Buying and taking care of your tyres
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Tyres are the only source of contact between your car and the road. While tyres are important to a car’s safety and economy, many drivers don’t take the time to check the basics, such as tyre depth and pressure.
You’re likely to fail your Warrant of Fitness (WoF) if they’re not up to scratch, and it’s often during your annual inspection where problems are brought to the surface. For conventional tyres, the minimum legal depth is 1.5mm.
With temperatures dropping and wet days becoming more frequent, it’s even more important to maintain tyre health and not wait until your WoF to discover that your tyres are unfit for our roads.
We’ve compiled some tips to help you stay on top of your tyre maintenance.
Checking your tyres is easy
Many people don’t realise that you can quickly measure the tread of your tyres using a 20c coin.
The bottom of the “20” is approximately 2mm from the edge of the coin, so with the number facing towards you, insert the coin into the tread of the tyre. If you can read the whole number then your tyre is around the legal threshold and it’s time to replace it.
If the “20” is still partly concealed, then you know that the tread of your tyre is within the legal guidelines.
Note that mud and snow tyres (often marked with M+S) have a legal requirement of 4mm.
Tyres with a low pressure can sag in the centre, causing wear on the outside edges, which also affects handling and braking.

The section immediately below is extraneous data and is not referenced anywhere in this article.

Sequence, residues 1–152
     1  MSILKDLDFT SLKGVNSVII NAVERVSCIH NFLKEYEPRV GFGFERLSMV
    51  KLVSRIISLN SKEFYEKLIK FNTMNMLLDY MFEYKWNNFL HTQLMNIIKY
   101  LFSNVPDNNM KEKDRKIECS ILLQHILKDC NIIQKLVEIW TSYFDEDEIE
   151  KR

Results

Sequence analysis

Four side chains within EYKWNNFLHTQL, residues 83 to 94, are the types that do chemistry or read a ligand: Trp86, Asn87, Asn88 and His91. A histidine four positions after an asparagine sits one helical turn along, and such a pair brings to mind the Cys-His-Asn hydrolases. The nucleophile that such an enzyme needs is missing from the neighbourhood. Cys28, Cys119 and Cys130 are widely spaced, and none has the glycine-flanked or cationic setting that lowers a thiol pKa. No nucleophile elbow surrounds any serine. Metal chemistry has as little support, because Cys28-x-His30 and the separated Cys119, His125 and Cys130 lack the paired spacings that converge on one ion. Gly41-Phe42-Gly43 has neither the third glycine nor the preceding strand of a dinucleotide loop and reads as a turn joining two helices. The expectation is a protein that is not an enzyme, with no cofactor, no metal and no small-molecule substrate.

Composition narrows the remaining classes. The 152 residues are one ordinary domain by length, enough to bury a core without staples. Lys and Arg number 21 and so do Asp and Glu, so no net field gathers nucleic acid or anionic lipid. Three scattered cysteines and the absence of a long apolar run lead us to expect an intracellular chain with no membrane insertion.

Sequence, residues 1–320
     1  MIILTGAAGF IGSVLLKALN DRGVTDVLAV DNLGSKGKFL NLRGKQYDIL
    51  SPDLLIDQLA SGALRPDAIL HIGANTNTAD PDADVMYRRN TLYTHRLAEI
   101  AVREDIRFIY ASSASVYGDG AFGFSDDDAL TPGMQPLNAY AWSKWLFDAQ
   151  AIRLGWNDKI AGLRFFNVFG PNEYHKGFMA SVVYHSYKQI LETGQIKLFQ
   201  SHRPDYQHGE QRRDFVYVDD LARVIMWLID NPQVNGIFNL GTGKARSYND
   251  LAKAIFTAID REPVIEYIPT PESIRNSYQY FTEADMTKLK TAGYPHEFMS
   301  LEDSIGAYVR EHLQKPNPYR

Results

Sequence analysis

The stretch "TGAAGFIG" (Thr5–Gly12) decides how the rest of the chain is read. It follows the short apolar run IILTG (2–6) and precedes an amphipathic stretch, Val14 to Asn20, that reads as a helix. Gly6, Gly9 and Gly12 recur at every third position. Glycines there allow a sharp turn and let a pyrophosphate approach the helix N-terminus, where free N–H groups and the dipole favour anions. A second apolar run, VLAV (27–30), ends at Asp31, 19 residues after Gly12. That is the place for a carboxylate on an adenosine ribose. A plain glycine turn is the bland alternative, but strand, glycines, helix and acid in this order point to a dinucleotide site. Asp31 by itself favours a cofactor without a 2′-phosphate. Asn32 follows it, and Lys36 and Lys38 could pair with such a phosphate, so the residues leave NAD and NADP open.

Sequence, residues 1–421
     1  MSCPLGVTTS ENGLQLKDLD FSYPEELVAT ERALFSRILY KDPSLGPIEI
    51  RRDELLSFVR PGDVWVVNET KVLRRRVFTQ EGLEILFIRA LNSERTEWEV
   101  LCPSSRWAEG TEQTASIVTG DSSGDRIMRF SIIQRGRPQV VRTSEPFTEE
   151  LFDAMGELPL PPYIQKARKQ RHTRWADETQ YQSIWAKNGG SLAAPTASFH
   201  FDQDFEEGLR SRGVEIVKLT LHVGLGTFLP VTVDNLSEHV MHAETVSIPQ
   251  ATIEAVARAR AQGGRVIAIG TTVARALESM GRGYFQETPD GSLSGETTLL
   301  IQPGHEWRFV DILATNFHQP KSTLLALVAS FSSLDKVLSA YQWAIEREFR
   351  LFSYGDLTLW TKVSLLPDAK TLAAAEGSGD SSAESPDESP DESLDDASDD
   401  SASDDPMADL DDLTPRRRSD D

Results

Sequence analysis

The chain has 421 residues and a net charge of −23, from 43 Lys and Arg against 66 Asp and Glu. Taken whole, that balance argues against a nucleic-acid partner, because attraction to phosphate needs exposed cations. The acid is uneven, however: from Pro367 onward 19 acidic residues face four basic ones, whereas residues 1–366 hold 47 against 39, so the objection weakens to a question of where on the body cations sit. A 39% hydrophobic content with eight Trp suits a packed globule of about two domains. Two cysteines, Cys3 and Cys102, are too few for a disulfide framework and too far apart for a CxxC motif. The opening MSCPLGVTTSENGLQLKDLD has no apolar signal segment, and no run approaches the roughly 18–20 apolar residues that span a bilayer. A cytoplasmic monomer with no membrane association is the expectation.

Tyres that are overinflated wear unevenly, have reduced grip on the road and can increase your car’s stopping distance.
As a general rule, 32psi is acceptable for most tyres, but some newer tyres can hold more pressure. If you’re unsure, check the owner’s manual or consult with the manufacturer who will be able to provide the precise information.
It’s always a good idea to check your spare or space-saver tyre as well.
Make sure it’s correctly inflated, look for any signs of wear and check that it’s secure in its holder with all of its tools. Used cars can sometimes be missing these tools, so make sure to double check.
It’s easy to forget and neglect this tyre, but you’ll be kicking yourself if you ever break down at the side of the road with a flat and can’t replace the tyre yourself.
Buying new tyres
If you’re in the market for some new tyres, then safety and longevity are the first things to consider.
It’s best to choose tyres which have strong grip and will last the test of time. There are many manufacturers to choose from, but we recommend that you stick with the traditional, reputable brands, which usually offer a range of tyres for most budgets.
Don’t risk investing your money in used tyres, which are more likely to be old and perished, and subsequently more prone to cracking and blowing out quicker than a new tyre.
By going down this route, you’ll need to bear in mind that you have to factor in additional costs to recycle your old tyres, and get the replacements fitted and balanced. It may actually end up costing you more than you first thought and the price difference may be negligible.
Remember, used tyres will have less tread depth, which affects their performance. Tyres need good tread depth to be able to perform, especially in wetter conditions. Tyres with no tread can’t dissipate water on the road, and will create a film of water beneath your tyres. Deeper treads, however, allow more water to be displaced, which provides superior grip on the road.
If only one of your tyres needs to be replaced, make sure to consider your options as tyres can quite often be cheaper to buy in pairs or a full set.
If you want to discuss your options, then get in touch with your nearest tyre supplier. They’ll be able to provide the best advice.
● For more information, you can also visit aa.co.nz/cars/owning-a-car/tyres/
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